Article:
This is a post from the ACOR Sarcoma Group that may be of interest for families of pediatric patients:
The American Childhood Cancer Organization has decided to expand the
opportunity for writing for its new book on Pediatric Palliative Care to
children with cancer and to siblings in addition to parents.
Family perspectives, to be included at the end of each chapter, may be a few
sentences to a few paragraphs written on specific topics. A parent, child
with cancer, or a sibling may write on more than one topic. We are currently
collecting family perspectives for the first three chapters.
"The Parent's Role" - facing the cancer diagnosis, advocating for your
child's care, participating in providing quality care for your child at home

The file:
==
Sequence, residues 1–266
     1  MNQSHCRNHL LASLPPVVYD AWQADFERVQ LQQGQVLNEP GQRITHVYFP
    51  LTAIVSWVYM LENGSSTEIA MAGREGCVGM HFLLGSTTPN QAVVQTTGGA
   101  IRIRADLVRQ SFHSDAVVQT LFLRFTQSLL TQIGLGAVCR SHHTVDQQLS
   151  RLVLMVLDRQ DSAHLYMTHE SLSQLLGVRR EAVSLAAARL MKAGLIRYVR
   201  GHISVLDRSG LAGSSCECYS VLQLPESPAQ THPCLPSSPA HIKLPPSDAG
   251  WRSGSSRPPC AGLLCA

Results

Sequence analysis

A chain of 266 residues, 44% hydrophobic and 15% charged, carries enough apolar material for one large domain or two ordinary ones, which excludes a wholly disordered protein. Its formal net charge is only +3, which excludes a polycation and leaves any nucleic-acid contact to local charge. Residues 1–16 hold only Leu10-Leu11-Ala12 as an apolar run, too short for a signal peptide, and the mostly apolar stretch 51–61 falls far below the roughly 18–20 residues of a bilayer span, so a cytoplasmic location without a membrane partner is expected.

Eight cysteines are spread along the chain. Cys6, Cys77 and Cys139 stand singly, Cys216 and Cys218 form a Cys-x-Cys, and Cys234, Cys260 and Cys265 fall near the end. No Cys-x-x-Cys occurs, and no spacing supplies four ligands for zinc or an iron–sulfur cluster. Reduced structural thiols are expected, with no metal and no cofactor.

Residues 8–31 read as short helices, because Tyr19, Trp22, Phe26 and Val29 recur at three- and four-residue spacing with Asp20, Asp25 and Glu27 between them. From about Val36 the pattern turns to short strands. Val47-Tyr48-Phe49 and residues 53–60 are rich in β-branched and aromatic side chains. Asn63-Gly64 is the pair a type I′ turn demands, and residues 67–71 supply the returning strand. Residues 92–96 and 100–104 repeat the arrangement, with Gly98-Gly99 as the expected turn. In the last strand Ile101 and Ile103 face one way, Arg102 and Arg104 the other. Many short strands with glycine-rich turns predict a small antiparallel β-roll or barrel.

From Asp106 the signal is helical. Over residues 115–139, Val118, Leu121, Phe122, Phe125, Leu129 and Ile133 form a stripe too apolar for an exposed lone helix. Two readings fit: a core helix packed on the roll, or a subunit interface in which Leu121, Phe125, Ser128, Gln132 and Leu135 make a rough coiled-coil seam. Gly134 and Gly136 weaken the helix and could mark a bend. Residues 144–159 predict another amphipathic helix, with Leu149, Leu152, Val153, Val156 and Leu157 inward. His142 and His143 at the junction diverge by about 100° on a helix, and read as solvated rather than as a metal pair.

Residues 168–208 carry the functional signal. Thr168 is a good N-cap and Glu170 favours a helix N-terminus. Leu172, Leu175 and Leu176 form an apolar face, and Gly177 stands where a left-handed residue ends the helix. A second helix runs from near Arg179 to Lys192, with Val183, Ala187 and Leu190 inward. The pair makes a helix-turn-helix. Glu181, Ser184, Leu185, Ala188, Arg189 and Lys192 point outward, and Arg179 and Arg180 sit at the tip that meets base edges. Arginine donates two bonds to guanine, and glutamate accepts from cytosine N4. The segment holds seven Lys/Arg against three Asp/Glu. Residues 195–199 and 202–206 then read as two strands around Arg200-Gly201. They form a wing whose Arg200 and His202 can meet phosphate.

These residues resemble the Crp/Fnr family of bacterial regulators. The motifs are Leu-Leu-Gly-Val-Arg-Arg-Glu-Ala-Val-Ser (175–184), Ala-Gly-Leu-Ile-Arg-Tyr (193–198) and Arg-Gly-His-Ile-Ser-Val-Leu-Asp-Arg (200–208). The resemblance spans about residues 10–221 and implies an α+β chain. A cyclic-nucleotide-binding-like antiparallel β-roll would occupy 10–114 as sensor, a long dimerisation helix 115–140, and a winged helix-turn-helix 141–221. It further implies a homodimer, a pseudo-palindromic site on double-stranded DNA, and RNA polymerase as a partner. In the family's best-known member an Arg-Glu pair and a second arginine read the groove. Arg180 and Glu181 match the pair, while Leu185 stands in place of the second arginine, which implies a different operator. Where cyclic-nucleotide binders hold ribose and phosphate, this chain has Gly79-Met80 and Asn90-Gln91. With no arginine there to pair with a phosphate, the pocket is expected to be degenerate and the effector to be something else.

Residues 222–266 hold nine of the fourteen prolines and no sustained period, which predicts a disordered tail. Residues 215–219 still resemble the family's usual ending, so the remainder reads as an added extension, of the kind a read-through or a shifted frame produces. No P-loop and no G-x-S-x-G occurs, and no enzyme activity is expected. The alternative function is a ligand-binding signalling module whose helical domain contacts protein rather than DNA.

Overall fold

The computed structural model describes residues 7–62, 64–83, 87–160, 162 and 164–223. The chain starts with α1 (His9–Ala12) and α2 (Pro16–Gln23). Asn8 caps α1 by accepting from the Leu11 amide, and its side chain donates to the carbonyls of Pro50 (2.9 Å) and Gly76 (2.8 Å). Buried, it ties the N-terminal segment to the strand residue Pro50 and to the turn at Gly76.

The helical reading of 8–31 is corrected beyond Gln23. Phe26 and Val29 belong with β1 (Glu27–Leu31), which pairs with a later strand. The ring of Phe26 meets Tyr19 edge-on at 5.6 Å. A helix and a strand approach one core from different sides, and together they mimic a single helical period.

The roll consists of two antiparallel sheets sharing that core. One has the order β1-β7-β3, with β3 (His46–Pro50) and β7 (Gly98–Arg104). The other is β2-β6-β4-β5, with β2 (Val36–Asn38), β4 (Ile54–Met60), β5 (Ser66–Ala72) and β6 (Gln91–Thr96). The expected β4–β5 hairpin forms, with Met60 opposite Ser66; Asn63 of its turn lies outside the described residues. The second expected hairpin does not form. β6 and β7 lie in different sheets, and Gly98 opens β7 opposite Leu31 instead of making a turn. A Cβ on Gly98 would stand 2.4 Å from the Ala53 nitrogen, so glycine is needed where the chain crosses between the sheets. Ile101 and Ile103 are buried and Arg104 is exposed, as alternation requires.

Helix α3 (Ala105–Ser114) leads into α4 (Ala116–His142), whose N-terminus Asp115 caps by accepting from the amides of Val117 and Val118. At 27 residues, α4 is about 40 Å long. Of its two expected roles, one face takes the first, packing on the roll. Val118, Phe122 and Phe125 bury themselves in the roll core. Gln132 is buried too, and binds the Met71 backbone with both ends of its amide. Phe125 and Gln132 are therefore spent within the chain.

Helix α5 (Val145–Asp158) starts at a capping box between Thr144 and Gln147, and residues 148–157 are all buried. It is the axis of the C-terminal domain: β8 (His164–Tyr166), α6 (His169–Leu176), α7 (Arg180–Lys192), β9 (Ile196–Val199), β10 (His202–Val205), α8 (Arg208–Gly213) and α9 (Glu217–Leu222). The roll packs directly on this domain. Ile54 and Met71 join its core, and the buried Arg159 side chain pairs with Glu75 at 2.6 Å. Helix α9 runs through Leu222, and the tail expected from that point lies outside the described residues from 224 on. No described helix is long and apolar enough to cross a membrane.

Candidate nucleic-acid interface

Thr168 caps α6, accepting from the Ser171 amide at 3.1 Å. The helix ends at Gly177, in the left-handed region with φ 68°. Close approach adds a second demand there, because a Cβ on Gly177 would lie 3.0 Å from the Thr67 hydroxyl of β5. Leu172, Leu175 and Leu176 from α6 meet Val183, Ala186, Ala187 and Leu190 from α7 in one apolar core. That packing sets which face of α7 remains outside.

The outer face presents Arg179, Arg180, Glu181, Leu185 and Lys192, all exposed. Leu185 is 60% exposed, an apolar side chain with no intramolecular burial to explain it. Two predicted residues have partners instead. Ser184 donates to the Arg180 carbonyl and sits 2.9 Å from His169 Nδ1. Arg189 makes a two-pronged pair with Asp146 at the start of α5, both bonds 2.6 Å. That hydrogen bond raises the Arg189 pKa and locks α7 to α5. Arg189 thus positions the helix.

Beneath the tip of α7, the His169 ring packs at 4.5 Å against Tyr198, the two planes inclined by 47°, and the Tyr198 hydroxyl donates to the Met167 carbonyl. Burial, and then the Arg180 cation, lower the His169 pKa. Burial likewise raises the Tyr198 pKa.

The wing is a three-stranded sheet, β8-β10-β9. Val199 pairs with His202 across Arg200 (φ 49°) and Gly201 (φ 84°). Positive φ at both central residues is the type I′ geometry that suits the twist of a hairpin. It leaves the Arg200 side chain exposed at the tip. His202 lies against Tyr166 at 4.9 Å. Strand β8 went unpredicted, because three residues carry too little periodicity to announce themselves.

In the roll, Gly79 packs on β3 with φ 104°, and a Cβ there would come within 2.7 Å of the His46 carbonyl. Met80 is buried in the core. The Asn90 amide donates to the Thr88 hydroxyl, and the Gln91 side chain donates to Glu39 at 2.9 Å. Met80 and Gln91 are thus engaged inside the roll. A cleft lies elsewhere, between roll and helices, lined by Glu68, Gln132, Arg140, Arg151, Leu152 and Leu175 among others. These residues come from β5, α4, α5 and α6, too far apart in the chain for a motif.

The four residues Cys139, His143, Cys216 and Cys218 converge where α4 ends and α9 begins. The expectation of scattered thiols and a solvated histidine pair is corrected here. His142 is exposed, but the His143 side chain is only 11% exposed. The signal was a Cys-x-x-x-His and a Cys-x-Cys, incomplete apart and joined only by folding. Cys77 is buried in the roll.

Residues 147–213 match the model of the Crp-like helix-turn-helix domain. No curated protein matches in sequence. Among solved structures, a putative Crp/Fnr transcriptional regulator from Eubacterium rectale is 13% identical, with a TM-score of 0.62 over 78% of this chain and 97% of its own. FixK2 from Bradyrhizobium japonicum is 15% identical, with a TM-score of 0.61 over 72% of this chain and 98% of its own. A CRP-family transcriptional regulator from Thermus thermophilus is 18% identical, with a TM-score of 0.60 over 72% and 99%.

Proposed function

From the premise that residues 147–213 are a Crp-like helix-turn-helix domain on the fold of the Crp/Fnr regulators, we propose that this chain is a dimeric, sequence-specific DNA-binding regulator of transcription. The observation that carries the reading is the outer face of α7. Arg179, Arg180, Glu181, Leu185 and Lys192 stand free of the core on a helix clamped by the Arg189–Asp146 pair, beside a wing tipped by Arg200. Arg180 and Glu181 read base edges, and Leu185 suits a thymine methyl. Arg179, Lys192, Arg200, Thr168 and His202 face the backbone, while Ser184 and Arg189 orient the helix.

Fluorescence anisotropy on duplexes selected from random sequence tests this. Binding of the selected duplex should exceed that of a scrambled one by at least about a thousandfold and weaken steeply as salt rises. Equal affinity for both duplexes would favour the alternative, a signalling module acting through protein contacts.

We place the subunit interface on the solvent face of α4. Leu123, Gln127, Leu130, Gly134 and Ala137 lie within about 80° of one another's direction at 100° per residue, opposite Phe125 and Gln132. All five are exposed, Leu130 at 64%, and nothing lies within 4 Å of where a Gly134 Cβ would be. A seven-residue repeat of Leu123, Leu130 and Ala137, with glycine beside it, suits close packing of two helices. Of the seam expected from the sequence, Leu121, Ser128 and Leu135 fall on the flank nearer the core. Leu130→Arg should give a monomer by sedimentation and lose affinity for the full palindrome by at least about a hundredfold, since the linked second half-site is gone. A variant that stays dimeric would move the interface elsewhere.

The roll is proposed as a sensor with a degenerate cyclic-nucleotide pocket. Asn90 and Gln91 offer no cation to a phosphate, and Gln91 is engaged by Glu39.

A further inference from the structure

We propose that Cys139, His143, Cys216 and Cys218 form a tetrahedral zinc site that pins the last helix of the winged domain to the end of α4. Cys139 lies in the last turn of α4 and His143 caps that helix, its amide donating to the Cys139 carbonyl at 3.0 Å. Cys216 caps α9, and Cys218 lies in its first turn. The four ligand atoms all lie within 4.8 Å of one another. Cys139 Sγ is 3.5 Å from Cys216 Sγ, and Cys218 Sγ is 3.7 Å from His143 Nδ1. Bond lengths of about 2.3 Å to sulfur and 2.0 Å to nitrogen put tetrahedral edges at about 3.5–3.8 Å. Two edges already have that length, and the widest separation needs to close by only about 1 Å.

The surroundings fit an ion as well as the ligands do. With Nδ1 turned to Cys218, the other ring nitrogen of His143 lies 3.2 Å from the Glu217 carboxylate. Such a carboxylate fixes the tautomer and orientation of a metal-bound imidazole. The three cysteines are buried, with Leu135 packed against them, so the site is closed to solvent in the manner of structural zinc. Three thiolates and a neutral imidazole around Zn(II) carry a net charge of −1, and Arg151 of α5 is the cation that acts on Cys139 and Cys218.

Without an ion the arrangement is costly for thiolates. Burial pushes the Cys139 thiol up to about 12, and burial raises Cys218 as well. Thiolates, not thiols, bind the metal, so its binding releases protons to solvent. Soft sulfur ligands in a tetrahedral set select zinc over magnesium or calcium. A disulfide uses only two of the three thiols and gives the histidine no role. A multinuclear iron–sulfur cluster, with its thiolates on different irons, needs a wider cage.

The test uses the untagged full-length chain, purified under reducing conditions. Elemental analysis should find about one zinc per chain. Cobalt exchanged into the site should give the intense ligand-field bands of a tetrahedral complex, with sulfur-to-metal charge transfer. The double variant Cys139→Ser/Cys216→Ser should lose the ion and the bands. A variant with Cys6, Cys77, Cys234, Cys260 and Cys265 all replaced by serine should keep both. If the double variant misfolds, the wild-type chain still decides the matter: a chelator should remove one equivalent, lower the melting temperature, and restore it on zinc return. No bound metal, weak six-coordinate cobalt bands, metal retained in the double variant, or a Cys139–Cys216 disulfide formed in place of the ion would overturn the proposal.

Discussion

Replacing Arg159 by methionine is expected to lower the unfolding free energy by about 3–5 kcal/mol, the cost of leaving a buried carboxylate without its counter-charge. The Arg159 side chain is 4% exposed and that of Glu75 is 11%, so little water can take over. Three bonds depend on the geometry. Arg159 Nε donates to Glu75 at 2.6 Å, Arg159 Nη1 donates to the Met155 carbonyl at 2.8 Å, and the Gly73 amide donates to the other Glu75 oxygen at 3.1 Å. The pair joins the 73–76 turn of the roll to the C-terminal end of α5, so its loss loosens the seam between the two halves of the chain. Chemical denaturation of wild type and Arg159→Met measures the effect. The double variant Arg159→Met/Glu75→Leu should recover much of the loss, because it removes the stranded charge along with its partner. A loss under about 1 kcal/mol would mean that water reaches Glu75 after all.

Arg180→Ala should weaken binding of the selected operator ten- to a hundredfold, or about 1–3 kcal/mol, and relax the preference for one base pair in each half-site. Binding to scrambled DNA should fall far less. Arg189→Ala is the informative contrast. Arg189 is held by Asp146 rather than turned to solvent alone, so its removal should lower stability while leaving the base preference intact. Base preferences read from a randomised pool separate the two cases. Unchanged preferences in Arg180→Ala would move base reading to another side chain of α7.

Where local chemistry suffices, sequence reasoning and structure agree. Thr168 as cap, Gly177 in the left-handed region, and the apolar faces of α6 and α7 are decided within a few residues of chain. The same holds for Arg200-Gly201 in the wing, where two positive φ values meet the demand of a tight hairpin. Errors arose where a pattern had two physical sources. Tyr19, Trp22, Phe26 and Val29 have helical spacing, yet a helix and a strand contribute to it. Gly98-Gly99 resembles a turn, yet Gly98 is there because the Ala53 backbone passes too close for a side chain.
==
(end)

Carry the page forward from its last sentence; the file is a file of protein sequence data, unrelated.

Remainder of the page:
and in the hospital, the parent as caretaker for the child, the palliative
care team, quality of life
"What is Palliative Care?" - goals of palliative care for children with
cancer and their families, palliative concepts and guiding principles,
alternate names, palliative care principles from the time of diagnosis,
quality of life, thriving in spite of late effects of treatment, chronic
health issues, thriving while focused on surviving
"Symptom Management" - quality of life, symptom management while on
treatment and while dealing with late effects, management of any symptoms
(related to cancer and/or treatment) other than pain-feeding issues,
anxiety, nausea, etc.
I wrote for the American Childhood Cancer Organization's book on DIPG and
love being able to hold that book in my hands because my son Andrew is
sprinkled among its pages. I also love the fact that my experience is
Family Perspectives can be sent directly to me.
I look forward to hearing from you-parents who have experienced childhood
cancer in one of their own children, children with cancer, and siblings-as
soon as possible!
Always Andrew's Mom